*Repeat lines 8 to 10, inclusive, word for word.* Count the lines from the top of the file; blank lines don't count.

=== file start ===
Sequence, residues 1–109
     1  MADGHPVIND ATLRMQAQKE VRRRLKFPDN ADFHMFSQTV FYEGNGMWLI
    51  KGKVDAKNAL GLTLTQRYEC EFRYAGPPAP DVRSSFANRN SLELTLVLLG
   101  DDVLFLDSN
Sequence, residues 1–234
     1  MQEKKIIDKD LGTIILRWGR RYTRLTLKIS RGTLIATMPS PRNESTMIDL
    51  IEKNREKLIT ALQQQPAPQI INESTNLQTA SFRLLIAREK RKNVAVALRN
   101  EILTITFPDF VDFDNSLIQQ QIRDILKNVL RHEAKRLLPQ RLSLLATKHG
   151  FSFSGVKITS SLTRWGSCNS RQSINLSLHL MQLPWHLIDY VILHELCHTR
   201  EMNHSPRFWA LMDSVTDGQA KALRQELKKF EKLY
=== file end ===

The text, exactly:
   101  EILTITFPDF VDFDNSLIQQ QIRDILKNVL RHEAKRLLPQ RLSLLATKHG
   151  FSFSGVKITS SLTRWGSCNS RQSINLSLHL MQLPWHLIDY VILHELCHTR
   201  EMNHSPRFWA LMDSVTDGQA KALRQELKKF EKLY